Users Guide to Startup Advisors
What’s an advisor to a startup deal? Technically, advisor is one of those bucket terms that means anything and everything, depending on context. Those names and faces and backgrounds that turn up in pitches and business plans might be deep and important relationships, somebody with options or equity who is going to be helping for the long term; or meaningless fluff, somebody who agreed once to have his or her name appear, but really does nothing.
When advisors come up in a pitch, I immediately ask how advisors are compensated and what they really do.
And here’s how I feel about the answers I get:
- Free advisors are likely to be as valuable as free advice. Yes there are exceptions to that rule, like family and long-time business relationships, but most of the time no compensation means no thought, no effort, no real contribution. Everybody’s busy. I see way too many deals bragging about advisors who are just lending their name to the business plan, as a favor to a former student or friend of a friend. I don’t believe they’re going to make calls, dig into details to offer real advice, or get dirty. And it hurts the credibility of founders when they show off names that don’t really mean anything.
- Advisors with small equity shares are good, and advisors with options are as good or even better. These are people who probably will return calls, and make calls, and pitch in to help.
- Advisors with options or equity should be long-term people who will stay with the company from startup to exit. Equity is forever. Options can become equity. Nobody should ever be on the capital table for what they did once in the past. Everybody’s busy, but options motivate people to help.
- I dislike professionals as advisors. Attorneys and accountants, for example, are better as professional friends than as advisors with equity or options. Their business model values fees, not equity. So the advisee companies get the last quarter hour of the last day. And having a vendor own shares means fewer shares for the investors and management team. When a web designer is the advisor I wonder what that means down the road as the startup grows. Free web design forever? Why is the web designer not a regular team member. Why are they holding back?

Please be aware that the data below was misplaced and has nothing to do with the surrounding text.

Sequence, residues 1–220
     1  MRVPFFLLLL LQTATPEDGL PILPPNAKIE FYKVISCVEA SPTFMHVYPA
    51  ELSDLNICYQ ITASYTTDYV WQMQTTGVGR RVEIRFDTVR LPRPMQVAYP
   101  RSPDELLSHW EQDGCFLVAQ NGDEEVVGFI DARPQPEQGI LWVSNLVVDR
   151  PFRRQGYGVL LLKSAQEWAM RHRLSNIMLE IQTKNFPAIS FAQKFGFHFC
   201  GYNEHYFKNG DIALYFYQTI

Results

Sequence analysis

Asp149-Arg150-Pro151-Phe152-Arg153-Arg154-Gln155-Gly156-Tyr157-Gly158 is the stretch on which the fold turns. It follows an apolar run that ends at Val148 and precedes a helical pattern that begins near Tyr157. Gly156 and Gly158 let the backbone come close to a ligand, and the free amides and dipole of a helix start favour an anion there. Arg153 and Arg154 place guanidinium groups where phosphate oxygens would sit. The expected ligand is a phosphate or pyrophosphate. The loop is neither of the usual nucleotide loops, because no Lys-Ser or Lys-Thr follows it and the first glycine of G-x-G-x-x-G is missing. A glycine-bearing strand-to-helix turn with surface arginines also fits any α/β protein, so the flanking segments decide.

- Advisors can have too much equity. There’s no exact rule but when an advisor who isn’t really working with the company regularly ought not to have even a whole percentage point of equity.
Advice is easy to get. Help, contributions, real discussions, digging into the details, making calls, returning calls, opening doors, and getting things done, that can be really valuable.
And on both sides, investor and startup, we need to figure out what advisor really means.
Written by Tim Berry
You might also be interested in
When entrepreneurs come to me with that “million dollar idea,” I have to tell them that an idea alone is really worth nothing. It’s all about the execution, and investors invest in the people who can execute, or even better, have a history of successful execution. Execution is making things happen, and for startups it usually means making change happen,
I’ve always wondered who started the urban myth that the best way to start a company is to come up with a great idea, and then find some professional investors to give you a pot of money to build a company. In my experience, that’s actually the worst way to start, for reasons I will outline here,
If you are a new entrepreneur, or entering a new business area, it’s always worth your time to assemble an Advisory Board of two or three executives who have travelled that road before. You need them before you need funding, and if you select the wrong people, or use them incorrectly, no
Helpers do what you say, while good help does what you need, without you saying anything. People who can help you the most are actually smarter than you, at least in their domain. Top entrepreneurs spend more time putting the right team in place to accomplish their objectives than they spend on any
The traditional mode of starting a company has been to plan a serial process, where you complete once all the steps, leading to the “big bang” launch of the company. I strongly recommend a dramatic departure from this model, called “planned iteration” or Lean Startup methodology, where you assume you won’t get